FOR IMMEDIATE RELEASE
Written By | Contact: Chris Siegele (email@example.com)
Elementary students learn real world application of classroom concepts
Exton, PA – February, 2015 – The East Coventry 4th grade class took their 2nd annual field trip to local manufacturer Omega Design for fun and learning about how the six simple machines they study in class are used to build complex machines that make work easier for all of us.
This tour was born out of a bring your parent to school day attended by Omega Design President Glenn Siegele. Students were measuring the force and distance of various pulley configurations
The East Coventry 4th grade class learned how the simple machines they have been learning about in class are combined to produce more complex machines used everyday throughout the economy. For this lesson they toured local machine automation company, Omega Design Corporation, going from station to station to see these simple machines in action. Pulleys, levers, wedges, screws, inclined planes and wheels and axels make up the world of motion/ everything that moves.
Attending a bring your parent to school day, Omega Design President Glenn Siegele saw the 9 and 10 year olds measuring force and distance of various pulley configurations. He told them that these concepts are used in the machines that his company builds. An offer to tour quickly followed and their teacher jumped at the opportunity. From the education perspective it’s extremely valuable to show kids how what they are learning is used in the world. On the company’s side, the importance of being a responsible community partner and to work towards developing a larger, more interested, and better trained workforce were prime goals of the event. A win, win for everybody involved.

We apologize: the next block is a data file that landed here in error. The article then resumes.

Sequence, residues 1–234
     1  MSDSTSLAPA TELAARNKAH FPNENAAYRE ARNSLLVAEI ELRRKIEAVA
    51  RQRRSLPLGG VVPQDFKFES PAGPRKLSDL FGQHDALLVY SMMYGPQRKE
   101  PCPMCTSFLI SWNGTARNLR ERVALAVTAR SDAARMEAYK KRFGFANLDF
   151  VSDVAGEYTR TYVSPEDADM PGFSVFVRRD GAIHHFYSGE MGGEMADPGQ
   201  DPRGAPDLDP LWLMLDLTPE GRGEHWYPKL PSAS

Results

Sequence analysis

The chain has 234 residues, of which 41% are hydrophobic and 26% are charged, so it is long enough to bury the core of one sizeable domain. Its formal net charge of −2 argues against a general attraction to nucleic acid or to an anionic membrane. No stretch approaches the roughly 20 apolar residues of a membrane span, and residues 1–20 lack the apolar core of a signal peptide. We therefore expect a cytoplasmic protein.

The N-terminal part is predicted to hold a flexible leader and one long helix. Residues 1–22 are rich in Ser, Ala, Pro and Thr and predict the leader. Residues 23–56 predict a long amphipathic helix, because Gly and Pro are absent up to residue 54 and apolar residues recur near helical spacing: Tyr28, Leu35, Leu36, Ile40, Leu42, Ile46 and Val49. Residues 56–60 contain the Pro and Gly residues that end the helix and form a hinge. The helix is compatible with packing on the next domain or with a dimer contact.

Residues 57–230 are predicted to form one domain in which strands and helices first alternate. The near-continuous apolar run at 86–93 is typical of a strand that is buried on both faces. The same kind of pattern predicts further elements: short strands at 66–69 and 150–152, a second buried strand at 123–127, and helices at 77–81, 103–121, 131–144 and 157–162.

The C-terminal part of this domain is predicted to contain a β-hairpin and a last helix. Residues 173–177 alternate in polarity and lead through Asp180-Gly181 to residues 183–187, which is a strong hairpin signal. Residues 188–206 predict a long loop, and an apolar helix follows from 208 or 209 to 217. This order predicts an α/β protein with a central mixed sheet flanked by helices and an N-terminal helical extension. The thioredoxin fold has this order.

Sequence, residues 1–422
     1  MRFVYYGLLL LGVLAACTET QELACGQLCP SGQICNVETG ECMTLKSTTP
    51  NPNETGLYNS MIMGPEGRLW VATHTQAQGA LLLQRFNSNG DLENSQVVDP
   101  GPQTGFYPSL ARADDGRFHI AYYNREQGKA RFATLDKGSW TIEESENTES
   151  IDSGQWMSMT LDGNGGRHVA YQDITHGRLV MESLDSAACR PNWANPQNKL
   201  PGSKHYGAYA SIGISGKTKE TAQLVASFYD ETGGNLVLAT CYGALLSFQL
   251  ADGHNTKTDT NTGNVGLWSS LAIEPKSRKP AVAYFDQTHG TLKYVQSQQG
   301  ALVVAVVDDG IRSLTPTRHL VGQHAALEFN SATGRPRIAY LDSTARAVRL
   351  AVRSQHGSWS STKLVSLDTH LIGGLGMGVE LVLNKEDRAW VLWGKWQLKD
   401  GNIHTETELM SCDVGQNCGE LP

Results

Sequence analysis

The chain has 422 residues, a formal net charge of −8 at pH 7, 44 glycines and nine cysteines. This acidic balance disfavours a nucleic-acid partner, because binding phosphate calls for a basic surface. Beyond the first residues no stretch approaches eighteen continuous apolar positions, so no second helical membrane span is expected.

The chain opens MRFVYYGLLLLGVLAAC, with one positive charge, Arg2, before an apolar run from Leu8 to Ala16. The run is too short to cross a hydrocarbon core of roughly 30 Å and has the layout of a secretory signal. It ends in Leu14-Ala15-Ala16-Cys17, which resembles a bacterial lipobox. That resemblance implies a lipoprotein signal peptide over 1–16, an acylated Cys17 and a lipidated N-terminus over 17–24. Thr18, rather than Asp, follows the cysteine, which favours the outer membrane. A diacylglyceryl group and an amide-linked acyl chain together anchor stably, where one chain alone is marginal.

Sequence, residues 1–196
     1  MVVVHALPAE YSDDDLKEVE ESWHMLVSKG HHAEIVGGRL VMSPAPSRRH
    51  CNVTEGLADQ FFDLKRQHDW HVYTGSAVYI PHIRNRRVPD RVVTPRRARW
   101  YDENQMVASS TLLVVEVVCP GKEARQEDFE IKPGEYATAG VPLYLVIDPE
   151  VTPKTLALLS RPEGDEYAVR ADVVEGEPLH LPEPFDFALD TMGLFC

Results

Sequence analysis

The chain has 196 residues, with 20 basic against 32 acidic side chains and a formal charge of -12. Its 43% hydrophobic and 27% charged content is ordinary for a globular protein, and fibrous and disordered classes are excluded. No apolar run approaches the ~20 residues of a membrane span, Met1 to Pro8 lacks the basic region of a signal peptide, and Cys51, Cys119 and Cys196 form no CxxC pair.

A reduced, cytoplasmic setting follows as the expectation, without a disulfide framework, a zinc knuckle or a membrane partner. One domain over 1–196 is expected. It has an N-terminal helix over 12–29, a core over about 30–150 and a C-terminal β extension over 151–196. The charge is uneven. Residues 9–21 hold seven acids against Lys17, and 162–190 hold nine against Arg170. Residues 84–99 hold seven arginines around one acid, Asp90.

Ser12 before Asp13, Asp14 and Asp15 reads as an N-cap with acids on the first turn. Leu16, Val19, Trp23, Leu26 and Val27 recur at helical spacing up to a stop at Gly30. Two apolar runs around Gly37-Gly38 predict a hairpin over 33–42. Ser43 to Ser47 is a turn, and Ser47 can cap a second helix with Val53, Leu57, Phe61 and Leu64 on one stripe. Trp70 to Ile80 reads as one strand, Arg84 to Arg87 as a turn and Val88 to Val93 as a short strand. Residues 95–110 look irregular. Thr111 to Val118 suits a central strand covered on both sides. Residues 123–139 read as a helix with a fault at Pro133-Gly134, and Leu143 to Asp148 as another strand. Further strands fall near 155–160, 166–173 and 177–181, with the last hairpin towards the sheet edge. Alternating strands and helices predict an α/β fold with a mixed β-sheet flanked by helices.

At one station the students competed with a bottle unscrambling machine to see how fast they could place bottles on a conveyor. The Bottle Unscrambler employed all the simple machines to produce a more efficient operation. The children were thoroughly engaged and a chorus of “woh” and “cool” sounded when the machine turned on. It’s difficult to reproduce an experience like that in the classroom. Another station the students used a lever to punch a hole in a thick plastic material. They saw how many different ways screws were used to move heavy pieces of metal or register equipment, and even in their safety glasses. An emphasis on safety backdropped the hands on learning experience.
Omega President, Glenn Siegele, “What an opportunity to participate with the education community to help advance learning of technical subjects that include some real world applications of what they are learning.” A teacher added, “It was great to offer the students a way to learn that was fun and different.”
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